The Last Abalone Diver
History Fest Monterey channels deep history all weekend.
Thursday, October 7, 2010
B ack in the late 1930s, when waves tossed abalone diver Roy Hattori against an underwater rock, the collision cracked the round helmet that was keeping him alive and breathing. Seconds separated him from drowning.
Hattori reached in his abalone basket and pulled out one of the enormous, slimy, edible sea snails. “An abalone immediately forms to whatever surface it touches,” he says, decades later.
The split-second decision worked, sealing the helmet attached to his jumpsuit—which, connected to his ship’s oxygen tank by a tube, looked more like a spacesuit—long enough to allow him to surface safely.
Hattori, now 91, is still proud of his diving past. The doorknocker on his Monterey home, which replicates an old-school abalone diving helmet and breastplate, echoes the enthusiasm audible in his stories and the energy of this weekend’s History Fest Monterey, a nine-event, four-day series of activities.
Born in Monterey in 1919, not more than a mile from where he lives today, Hattori is the only living Japanese abalone diver remaining in Monterey, and a walking example of the ever-present culture of the area.
“Japanese fishermen started the whole Monterey commercial fishing industry,” says Tim Thomas, a fisheries historian who spent 16 years documenting tales from local waters at the Monterey Maritime and History Museum and 10 years at the Monterey Bay Aquarium. According to Thomas, while the first abalone harvests were shipped to Japan, in 1913 their exportation became illegal. But after “Pop” Ernest Doelter’s pounded abalone steaks scored big at the 1915 World’s Fair in San Francisco, their domestic popularity boomed.
In the 1920s nine different abalone companies, all Japanese, operated from Fisherman’s Wharf. But the Japanese divers didn’t stick around. “Japanese divers came and then went back to Japan,” Thomas says.
That made Monterey High grad Hattori, a locally-born Japanese abalone diver, a rarity—and meant he had a different destination after Pearl Harbor. While Japanese divers were deported, Hattori was shipped to an Arkansas internment camp for two years.
Hattori was then drafted into the U.S. Army, where he served two years. He returned home with his family in 1945 to start over, his fishing boat long gone. “I had nothing,” he says.
The vet tried his hand at abalone diving again but learned that something was different.
“The sea otters had arrived,” Hattori says. “[A diver] can’t compete against an animal who lives there.”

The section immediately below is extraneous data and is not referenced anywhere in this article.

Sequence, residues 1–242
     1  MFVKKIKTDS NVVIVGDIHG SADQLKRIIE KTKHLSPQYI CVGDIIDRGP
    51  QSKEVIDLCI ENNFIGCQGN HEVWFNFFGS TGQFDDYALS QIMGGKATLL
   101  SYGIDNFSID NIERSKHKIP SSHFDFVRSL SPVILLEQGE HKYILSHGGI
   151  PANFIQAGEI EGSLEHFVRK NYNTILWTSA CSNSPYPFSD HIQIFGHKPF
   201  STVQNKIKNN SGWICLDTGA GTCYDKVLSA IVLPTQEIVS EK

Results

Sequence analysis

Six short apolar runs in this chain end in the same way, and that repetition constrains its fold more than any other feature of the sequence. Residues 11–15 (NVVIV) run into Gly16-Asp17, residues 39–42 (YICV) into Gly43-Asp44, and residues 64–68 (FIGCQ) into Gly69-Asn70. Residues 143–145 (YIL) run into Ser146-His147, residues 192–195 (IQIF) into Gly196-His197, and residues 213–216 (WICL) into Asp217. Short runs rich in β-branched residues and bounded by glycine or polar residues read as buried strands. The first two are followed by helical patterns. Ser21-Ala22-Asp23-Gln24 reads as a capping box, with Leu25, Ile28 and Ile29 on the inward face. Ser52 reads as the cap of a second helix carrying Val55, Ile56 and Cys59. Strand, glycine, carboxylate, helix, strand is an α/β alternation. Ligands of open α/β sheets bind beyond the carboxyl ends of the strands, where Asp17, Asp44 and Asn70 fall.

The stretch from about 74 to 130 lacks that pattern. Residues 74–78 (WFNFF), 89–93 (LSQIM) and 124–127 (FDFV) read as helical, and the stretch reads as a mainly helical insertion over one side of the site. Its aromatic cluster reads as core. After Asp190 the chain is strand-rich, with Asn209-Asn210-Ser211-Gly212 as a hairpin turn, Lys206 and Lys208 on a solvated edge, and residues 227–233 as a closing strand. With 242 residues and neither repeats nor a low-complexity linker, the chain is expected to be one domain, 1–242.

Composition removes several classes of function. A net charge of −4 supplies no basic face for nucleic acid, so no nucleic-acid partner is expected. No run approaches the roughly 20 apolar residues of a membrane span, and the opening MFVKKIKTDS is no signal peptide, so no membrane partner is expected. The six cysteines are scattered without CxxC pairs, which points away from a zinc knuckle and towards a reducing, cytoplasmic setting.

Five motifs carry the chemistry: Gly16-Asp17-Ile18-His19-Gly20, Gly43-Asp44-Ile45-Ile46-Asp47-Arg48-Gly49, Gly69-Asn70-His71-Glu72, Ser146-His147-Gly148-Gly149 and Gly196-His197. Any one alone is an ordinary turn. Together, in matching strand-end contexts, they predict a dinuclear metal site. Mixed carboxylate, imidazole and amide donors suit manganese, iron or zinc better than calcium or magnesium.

After a short stint clearing land on 17 Mile Drive, Hattori spent the next 20 years in the dry-cleaning business. Halfway through that period, he learned the watch-making trade and proceeded to spend 40 years perfecting that craft.
Even before Hattori’s time, the history of Monterey was far richer than most people realize, according to Lisa Bradford, who has spent 12 years as an interpreter with Monterey State Historic Parks, part of the California Department of Parks and Recreation.
“If people were coming to the West Coast in the 1830s and 1840s, pre-Gold Rush, Monterey was their destination.” she says. “It was the capital and was the primary port and many people who arrived as traders ended up staying.”
Consequently Monterey Custom House is the oldest state historic landmark (in fact, it is California Historical Landmark Number 1). Bradford will be handling the Custom House activities for Oct. 7-10’s History Fest.
“History Fest is a celebration of California and Monterey history,” Bradford says. “It provides opportunities for people to learn about area history in ways other than reading books or going to museums.”
NightWalk Monterey (8-9:15pm Thursday and Saturday) will take visitors to local landmarks while telling tales of fishermen, seamen and others who called Monterey home. The behind-the-scenes tours of the Larkin and Stevenson Houses (10-11am Friday) follow a museum curator showing off normally unseen artifacts. Colton Hall, meanwhile, will play host to an 1849 Constitutional Convention reenactment (2-3:30pm Sunday).
The festival will also feature early California dancing as well as daily Mexican-American War re-enactors, storytelling, period costumes, film, music, art and more. “History Fest will allow people to use their imagination and see how people lived,” Bradford says.
It will also remind locals that, as Hattori helps indicate, key parts of Monterey history live on.